More power: There is a built-in problem with all training. You want to recycle your partners. If you or your students hit as hard as they can every time they hit, you will quickly run out of students. The average criminal does not hit as hard as a good boxer or karateka can, but they do hit harder than the average boxer or karateka usually does because of gloves and dojo etiquette. More often than not, the first strike in an ambush will find its target. Fighting with a concussion is much different than sparring.
Responses to the Four Basic Truths
There are specific ways to train to deal with these truths about assault. You must get used to working from a position of disadvantage. Put yourself and your students in the worst positions you can (face down, under a bench, blindfolded to simulate blood in the eyes and with an arm tied in their belt) and start the training from there. No do-overs. Work from the position you find yourself in. There is no “right” move anyway, just moves that worked or didn’t that one time.
Contact-response training. Condition (as in operant conditioning) for a quick, effective response to any unexpected aggressive touch. Trained properly, the counter-attack will kick in before the chemical cocktail of stress hormones. This will give you one technique at 100%, and possibly the initiative, to the expected victim. Remember, when you are pumped full of adrenaline, you will loose much of your fine motor coordination, peripheral vision, etc. So you need to have your 100% technique trained to be automatic.
Train to “flip the switch”. Make your students practice going from friendly, distracted, or any other emotion to full on in an instant. Make them play music, converse, fold clothes, write or pour tea as an armored assailant attacks. The key is that the distraction must be natural and relaxed, not the jerky half-preparation of someone who expects an attack.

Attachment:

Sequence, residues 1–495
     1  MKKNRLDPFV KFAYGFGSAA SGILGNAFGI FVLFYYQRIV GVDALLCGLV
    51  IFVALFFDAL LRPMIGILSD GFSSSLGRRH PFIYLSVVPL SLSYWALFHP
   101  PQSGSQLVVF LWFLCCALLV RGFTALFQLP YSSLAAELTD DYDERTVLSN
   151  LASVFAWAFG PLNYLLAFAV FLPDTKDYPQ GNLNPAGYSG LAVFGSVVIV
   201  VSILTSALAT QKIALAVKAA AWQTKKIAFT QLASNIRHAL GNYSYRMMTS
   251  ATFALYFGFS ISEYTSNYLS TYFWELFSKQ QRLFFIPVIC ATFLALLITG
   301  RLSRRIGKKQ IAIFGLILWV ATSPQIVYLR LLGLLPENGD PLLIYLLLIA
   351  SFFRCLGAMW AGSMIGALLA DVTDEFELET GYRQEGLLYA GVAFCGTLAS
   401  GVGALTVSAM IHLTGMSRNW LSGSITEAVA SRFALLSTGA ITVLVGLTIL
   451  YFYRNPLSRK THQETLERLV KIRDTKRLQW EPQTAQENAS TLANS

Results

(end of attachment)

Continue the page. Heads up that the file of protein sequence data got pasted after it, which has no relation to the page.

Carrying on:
In slow motion training, use realistic time-framing. Do not let them pretend that “Monkey plucks jade lotus and presents to golden Buddha” is one move; do not let them pretend that a spinning kick is just as fast as a jab.
Get used to being hit, and get used to being touched, especially on the face. For various reasons, face contact between adults is loaded with connotations. Accidental face contact almost always results in both students freezing and can cause an outpouring of emotional sludge. Criminals use this by starting with an open-hand attack to the face (called a "bitch slap”) that has paralyzing psychological effects.
Teach common sensitivity. They must respond to what is happening, not to their expectations or fears. If there are weapons mounted on the walls of your dojo and you are practicing self-defense someone should be reaching for the weapons or running for the door.
Forbid giving up. Winning is a habit. Fighting is a habit. Put them in positions where they are completely immobilized and helpless and set the expectation to keep fighting.
The Flaw in the Drill
In the end, a martial artist is training to injure, cripple or kill another human being. However, in the dojo we cannot go about breaking our students So in any drill where students are not regularly hospitalized there is a DELIBERATE flaw, a deliberate break from the needs of reality introduced in the name of safety. In every drill you teach, you must consciously know what the flaw is and make your students aware of it.
Rory A. Miller is a Corrections Officer who resides in Portland, Oregon. He is a training officer with the Multnomah County Sheriff's Office and is ranked in Sosuishitsu-ryu Jujutsu and Judo.
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Ostatnio zmieniony przez voivod dnia Śro 10:53, 18 Sie 2010, w całości zmieniany 1 raz